Hong Kong – Gays Under Colonial Rule and A Murder Most Foul
When its last Governor Christopher Patten sailed out of Hong Kong harbour at the stroke of midnight on 30 June 1997, the curtain all but fell on centuries of the British Empire. It was perhaps appropriate that Patten left without fanfare, for Britain’s conquest of much of China’s coastline and the various annexations resulting in present-day Hong Kong were an ignominious and lasting disgrace. It had stemmed from superior force, but its root cause was the insistence of the British that the Chinese accept opium instead of silver in payment for its exports, thereby condemning millions to slow death.
Despite the presence of the hated British sodomy law, Hong Kong under the surface had for decades been a relatively gay outpost of Empire – certainly at the upper reaches of society. Long-term colonial servants had long-term Chinese boyfriends. In the late 1970s Hong Kong had one gay bar, Dateline, and one mostly gay disco, Disco Disco. Dateline was reached by a brightly-lit set of steps leading down from the street. It was well known that the police had cameras in an apartment opposite and that photographs were taken of everyone leaving that bar. So life for the gay community always carried a degree of risk that public exposure could not only result in a few years in jail, it could end a career or, worse, in death. The owner of a well-known antique shop was found dead in his elegant apartment on Victoria Peak. After picking up two young male prostitutes, something got ugly and he was murdered.
Ironically, it was a disputed murder worthy of an Agatha Christie novel that eventually led to massive public insistence the law finally be repealed, despite strong efforts of the colonial administration to prevent it. On the surface all seemed simple enough. On 15 January 1980 a man was found dead in his government apartment. In accordance with local law, an inquest was held, albeit – and highly unusually – a good seven weeks late. In hindsight, that was the first clue to this being far more complicated than a simple death. A second was that the inquest jury delivered an open verdict, despite police claims with evidence from two of their own pathologists and an outside expert that it must have been “suicide”. So this was no open and shut case – much to the fury of the Royal Hong Kong Police.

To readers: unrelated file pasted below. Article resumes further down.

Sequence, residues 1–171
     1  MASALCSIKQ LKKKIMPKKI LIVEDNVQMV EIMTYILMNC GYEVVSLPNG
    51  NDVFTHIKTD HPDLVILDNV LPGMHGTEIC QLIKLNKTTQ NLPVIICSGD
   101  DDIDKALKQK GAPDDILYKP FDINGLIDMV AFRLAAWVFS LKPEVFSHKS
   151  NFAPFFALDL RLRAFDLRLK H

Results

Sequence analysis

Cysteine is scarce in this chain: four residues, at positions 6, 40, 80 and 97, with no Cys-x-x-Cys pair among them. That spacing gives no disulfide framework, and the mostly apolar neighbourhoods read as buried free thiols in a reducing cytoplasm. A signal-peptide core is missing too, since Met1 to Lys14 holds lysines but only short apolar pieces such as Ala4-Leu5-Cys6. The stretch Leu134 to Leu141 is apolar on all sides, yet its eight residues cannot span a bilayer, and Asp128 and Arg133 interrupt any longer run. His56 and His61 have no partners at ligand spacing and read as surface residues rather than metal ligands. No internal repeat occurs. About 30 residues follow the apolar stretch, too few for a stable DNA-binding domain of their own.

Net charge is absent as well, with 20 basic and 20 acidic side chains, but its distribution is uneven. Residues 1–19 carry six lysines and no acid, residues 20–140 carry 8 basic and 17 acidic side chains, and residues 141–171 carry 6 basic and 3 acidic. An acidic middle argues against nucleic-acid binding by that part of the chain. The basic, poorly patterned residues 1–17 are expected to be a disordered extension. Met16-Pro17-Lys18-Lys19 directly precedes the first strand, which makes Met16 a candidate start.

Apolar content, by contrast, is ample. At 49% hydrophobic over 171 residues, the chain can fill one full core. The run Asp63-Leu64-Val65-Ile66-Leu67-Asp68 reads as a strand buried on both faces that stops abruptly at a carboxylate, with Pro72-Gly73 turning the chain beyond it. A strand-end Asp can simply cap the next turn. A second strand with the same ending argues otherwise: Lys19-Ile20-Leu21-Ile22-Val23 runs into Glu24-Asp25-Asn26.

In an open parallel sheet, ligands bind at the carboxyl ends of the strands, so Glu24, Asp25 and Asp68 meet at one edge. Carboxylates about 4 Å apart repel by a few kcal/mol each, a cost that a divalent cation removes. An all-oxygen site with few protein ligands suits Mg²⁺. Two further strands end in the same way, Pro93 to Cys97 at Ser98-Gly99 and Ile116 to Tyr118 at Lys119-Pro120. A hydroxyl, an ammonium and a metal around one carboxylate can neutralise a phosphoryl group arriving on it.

The man who died was one of their own, 29-year old Inspector John MacLennan. MacLennan had been found on his bed after being shot five times with his police .38 Colt revolver. The door and the windows to his bedroom were locked from the inside. Unusually, no forensic tests were carried out on the body and it was quickly cremated.
Now you would expect any man intent on killing himself to do it the quick way, with a bullet to the head. Not so! Bizarrely, MacLennan had attempted to shoot himself in the chest – not once, not twice, but no less than five times before he managed to complete the act. Have you ever heard of anyone attempting suicide by twisting his hand holding the gun almost 180 degrees to shoot and penetrate his heart? And having failed to succeed the first time, despite being injured how does he have the physical and mental stamina to try again no less than four more times? It totally beggars belief.